Like the bishops of Oregon, the South Dakota Catholic Conference cited Pope Francis' June 2014 remarks to drug enforcement agencies. The conference also noted the Catechism of the Catholic Church's paragraph 2291, which teaches that drug use "inflicts very grave damage on human health and life."
The conference said on its website that marijuana use overstimulates the nervous system while also decreasing high-functioning rational thought.
"Often these effects are accompanied by others, including distorted sensory perception or hallucinations, irrational anxiety or panic, diminished motor control and slowed reactions, and reduced learning and memory," South Dakota's bishops said. "Studies have shown that impaired cognitive function continues into the workweek even after a person no longer feels intoxicated, and that regular users are at approximately twice the risk of developing psychosis as non-users."
"Human beings are endowed by God with the gift of reason. Reason aids us in differentiating between right and wrong and is foundational for human freedom and personal responsibility," the bishops continued. "Thus, we can understand that to directly intend to suppress our God-given rational faculties is gravely wrong."
They warned that in Seattle and Denver, where marijuana businesses are legal, they are disproportionately located in poorer neighborhoods. According to another analysis, every dollar raised in marijuana sales costs $4.50 in unwanted effects, primarily in healthcare and reduced workforce readiness.
In Arizona, the bishops of the Arizona Catholic Conference criticized Proposition 207, called the Smart and Safe Arizona Act, which would both allow persons 21 and older to possess one ounce of marijuana and provide for the legal sale of the drug.
"It is anticipated that legalizing the recreational use of marijuana in Arizona will lead to more abuse by teens, increase child fatalities, and result in more societal costs," the Arizona bishops said in a Sept. 23 statement.
Legalization would send the message to children that "drug use is socially and morally acceptable," they warned. Marijuana use is 25% higher among teens in states with legalized recreational marijuana, they said.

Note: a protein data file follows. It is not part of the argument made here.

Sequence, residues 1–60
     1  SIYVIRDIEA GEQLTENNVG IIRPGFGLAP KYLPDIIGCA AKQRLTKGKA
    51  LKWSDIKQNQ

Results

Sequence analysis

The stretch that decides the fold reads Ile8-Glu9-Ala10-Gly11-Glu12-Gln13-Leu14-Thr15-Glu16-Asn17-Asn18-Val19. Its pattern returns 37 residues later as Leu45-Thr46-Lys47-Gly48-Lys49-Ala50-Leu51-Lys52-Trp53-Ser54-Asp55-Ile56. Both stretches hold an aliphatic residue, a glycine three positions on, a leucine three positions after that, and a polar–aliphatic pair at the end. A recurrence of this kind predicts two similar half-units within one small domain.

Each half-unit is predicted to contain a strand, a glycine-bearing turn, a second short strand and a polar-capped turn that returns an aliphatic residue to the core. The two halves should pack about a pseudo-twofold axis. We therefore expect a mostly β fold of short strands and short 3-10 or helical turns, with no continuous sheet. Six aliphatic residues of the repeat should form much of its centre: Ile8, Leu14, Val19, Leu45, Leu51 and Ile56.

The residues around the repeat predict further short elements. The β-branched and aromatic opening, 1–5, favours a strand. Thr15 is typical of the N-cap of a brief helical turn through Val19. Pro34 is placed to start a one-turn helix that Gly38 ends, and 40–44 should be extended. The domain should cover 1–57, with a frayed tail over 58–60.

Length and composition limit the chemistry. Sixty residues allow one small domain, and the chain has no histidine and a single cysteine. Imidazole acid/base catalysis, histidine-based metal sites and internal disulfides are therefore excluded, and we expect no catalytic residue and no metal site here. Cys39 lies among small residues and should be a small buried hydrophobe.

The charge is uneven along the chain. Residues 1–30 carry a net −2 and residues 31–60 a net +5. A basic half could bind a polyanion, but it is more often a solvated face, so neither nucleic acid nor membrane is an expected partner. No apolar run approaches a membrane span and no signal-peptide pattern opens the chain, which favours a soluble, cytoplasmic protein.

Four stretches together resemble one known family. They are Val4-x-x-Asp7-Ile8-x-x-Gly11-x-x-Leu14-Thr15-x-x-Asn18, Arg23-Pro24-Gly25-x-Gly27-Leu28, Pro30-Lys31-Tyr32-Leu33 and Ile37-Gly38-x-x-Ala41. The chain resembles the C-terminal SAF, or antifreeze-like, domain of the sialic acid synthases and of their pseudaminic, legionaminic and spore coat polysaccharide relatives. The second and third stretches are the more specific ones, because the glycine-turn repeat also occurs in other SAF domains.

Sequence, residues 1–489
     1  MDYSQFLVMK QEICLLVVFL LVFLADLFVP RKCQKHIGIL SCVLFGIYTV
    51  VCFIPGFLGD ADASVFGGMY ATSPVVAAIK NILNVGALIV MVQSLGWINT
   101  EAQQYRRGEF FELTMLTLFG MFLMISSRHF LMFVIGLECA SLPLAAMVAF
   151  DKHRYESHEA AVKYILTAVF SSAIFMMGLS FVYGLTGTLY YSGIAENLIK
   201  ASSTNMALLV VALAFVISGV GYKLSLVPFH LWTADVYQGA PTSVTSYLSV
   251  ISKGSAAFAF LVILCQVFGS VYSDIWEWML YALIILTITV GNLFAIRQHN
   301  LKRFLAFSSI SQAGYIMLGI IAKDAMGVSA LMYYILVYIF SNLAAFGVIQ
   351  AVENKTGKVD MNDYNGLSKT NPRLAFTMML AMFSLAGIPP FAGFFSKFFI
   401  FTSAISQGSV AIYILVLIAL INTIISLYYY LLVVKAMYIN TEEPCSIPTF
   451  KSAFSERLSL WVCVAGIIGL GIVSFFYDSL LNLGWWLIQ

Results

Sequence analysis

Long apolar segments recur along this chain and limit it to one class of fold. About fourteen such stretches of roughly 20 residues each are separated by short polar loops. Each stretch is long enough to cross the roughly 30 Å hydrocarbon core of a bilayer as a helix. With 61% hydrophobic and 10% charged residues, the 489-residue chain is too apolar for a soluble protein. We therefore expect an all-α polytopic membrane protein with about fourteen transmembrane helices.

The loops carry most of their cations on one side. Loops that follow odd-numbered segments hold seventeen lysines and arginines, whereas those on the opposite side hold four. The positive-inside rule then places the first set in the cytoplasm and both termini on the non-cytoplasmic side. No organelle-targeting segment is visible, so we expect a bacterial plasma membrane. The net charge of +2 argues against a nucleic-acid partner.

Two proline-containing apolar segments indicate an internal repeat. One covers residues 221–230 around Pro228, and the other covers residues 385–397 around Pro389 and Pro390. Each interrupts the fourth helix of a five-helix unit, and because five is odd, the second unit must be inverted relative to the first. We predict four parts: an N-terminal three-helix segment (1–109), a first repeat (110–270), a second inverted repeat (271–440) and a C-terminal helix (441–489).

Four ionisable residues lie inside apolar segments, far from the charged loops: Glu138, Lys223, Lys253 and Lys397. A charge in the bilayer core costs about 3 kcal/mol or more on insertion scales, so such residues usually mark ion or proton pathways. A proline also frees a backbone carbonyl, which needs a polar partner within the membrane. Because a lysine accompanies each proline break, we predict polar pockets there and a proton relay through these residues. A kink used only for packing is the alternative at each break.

Self-reported use of Arizona middle- and high-schoolers has already increased because fewer youth believe it is risky, said the bishops. Marijuana is a direct or contributing factor in almost as many child deaths as alcohol, according to the state's most recent child fatality report.
"As people of faith, we must speak out against this effort and the damaging effects its passage would have on children and families," the Arizona bishops said.
They cited the Rocky Mountain High Intensity Drug Trafficking Area's September 2019 report on the effects of marijuana legalization in Colorado under a November 2012 ballot measure. That report found that Colorado traffic deaths, crime, emergency room visits, and youth usage of marijuana increased significantly in the period of 2013 to 2015, the first two years following the legalization of recreational pot.
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In Mississippi, Initiative 65 would license and regulate marijuana dispensaries and allow a patient to possess up to 2.5 ounces of marijuana to treat any of 22 conditions.
The American Medical Association said there is a "lack of rigorous medical evidence to support cannabis as a medical treatment" that is a good alternative to FDA-approved drugs. The Mississippi proposal would require state health officials to create "new complex agriculture and revenue programs" that divert resources from its public health focus, the association said.
"Amending a state constitution to legalize an unproven drug is the wrong approach," Susan R. Bailey, MD, president of the American Medical Association, said Oct. 8. "Early data from jurisdictions that have legalized cannabis are concerning, particularly around unintentional pediatric exposures that have resulted in increased calls to poison control centers and emergency department visits, as well as an increase in traffic deaths due to cannabis-related impaired driving."
The Mississippi State Medical Association also opposes the measure.
If approved by voters, fees on dispensaries would fund only the medical marijuana oversight program. The language prohibits revenue from going into the state's general fund.
Critics say the fees are extremely low and the amendment fails to restrict the number of marijuana businesses. They also argue the amendment could trump local zoning laws. Pot dispensaries are barred within 500 feet of a school, church or child care center, but the language says zoning ordinances on dispensaries must be no more restrictive than they are on pharmacies and "shall not impair the availability of and reasonable access to medical marijuana."